Largely thanks to Black millennial activists on social media, people of all walks of life are becoming increasingly aware of the ways systemic inequality affects many realms of life — whether we’re talking about access to quality education and healthy food, or the prison-industrial complex and police brutality. Rapper and activist Int’l Hay Sús decided to put his energy towards creating tangible steps for change for the Black community in his native East Oakland after graduating from Howard University in 2015. After researching the Black Panthers’ hands-on community service projects in Oakland neighborhoods in the Sixties and Seventies, he founded the community service collective The Black Neighborhood with a group of his childhood friends, many of whom are artists themselves.
The Black Neighborhood started in early 2016, and most of its endeavors so far have centered on feeding and clothing those in need. The group has an ongoing partnership with the People’s Missionary Baptist Church (8825 MacArthur Blvd., Oakland), where it has hosted giveaways of fresh produce and kitchen essentials, clothing, and shoes for everyone who stopped by.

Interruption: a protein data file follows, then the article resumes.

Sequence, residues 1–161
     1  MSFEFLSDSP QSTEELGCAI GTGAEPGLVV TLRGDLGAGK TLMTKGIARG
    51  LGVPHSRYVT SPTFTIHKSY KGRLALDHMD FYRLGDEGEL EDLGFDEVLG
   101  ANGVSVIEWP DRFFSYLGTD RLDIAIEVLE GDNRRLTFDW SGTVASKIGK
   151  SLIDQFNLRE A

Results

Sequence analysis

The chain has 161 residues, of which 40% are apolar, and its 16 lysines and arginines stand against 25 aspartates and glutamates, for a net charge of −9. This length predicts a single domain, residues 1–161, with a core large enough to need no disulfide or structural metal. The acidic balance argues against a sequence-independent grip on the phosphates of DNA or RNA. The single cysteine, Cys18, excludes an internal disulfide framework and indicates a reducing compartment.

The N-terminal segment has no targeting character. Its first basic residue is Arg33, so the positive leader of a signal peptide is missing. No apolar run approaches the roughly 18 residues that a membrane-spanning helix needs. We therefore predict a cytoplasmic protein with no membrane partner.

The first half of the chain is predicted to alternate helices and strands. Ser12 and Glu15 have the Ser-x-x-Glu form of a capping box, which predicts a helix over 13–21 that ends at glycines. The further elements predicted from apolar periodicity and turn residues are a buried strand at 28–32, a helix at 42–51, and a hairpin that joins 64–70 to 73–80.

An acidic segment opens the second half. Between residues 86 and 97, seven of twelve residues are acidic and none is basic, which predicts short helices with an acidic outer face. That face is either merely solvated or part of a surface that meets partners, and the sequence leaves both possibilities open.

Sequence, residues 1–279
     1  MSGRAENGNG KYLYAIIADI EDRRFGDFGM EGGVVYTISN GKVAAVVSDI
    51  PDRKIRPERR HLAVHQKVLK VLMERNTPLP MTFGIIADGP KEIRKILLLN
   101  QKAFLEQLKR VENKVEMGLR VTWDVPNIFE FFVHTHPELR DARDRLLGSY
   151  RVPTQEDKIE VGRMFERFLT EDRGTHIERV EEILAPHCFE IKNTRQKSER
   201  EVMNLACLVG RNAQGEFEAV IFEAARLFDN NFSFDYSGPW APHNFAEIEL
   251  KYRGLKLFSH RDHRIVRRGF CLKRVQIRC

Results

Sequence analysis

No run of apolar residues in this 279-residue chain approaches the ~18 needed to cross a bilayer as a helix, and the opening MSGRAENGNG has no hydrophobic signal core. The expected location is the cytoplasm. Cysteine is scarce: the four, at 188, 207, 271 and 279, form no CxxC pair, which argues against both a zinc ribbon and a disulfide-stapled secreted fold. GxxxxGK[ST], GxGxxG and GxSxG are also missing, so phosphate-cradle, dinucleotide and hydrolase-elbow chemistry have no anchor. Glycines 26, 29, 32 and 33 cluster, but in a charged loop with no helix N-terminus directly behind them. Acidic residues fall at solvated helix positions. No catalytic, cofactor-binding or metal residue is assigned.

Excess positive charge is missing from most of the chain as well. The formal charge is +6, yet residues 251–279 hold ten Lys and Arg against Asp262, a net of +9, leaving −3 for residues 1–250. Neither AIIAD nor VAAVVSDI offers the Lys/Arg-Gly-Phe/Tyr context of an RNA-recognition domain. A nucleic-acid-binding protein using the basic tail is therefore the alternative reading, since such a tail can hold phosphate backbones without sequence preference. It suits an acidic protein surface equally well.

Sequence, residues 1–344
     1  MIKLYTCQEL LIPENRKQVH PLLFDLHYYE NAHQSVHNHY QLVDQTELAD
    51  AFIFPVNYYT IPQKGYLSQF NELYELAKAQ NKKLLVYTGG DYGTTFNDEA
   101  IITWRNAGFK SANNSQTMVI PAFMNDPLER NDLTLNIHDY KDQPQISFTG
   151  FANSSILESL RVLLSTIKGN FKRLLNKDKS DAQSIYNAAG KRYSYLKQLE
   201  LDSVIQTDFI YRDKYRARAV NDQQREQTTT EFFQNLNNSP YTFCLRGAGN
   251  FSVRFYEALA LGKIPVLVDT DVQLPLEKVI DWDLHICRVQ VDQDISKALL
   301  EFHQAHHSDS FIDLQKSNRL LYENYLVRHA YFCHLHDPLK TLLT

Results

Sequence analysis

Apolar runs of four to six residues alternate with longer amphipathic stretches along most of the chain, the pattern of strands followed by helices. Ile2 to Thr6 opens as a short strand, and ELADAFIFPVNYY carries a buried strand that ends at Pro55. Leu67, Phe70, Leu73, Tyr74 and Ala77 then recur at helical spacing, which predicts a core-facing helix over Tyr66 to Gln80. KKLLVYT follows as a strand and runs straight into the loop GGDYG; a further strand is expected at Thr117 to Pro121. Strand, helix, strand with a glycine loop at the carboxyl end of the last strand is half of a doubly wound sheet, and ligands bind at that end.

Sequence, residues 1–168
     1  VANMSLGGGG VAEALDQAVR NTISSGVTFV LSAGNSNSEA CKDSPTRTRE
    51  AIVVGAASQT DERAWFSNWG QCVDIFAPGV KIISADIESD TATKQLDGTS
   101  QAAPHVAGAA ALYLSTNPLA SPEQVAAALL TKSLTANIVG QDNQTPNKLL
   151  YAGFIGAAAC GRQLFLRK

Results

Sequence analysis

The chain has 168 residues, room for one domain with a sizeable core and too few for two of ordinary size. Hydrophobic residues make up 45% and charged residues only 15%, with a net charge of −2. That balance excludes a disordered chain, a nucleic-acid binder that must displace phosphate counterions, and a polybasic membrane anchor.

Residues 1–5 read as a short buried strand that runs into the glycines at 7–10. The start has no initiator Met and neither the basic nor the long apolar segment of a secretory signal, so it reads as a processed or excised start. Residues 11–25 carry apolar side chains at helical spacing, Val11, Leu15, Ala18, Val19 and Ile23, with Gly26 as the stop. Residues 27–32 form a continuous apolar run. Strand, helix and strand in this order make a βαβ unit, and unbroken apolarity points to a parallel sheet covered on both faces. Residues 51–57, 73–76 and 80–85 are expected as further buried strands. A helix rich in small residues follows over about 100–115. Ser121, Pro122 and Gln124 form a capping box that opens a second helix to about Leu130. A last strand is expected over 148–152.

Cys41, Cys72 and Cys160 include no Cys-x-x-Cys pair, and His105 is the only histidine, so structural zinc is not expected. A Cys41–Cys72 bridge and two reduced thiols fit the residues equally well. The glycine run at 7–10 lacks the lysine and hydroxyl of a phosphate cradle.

As wealth inequality becomes increasingly pronounced in Oakland, many up-and-coming local artists have been rallying for social change through their music. But what sets Hay Sús apart is his drive to turn the messages in his art into reality. And while his projects might be small-scale for now, we’re seeing the first steps of him galvanizing other young people to work together to find solutions for the issues facing their communities. Follow Haysus510 on SoundCloud.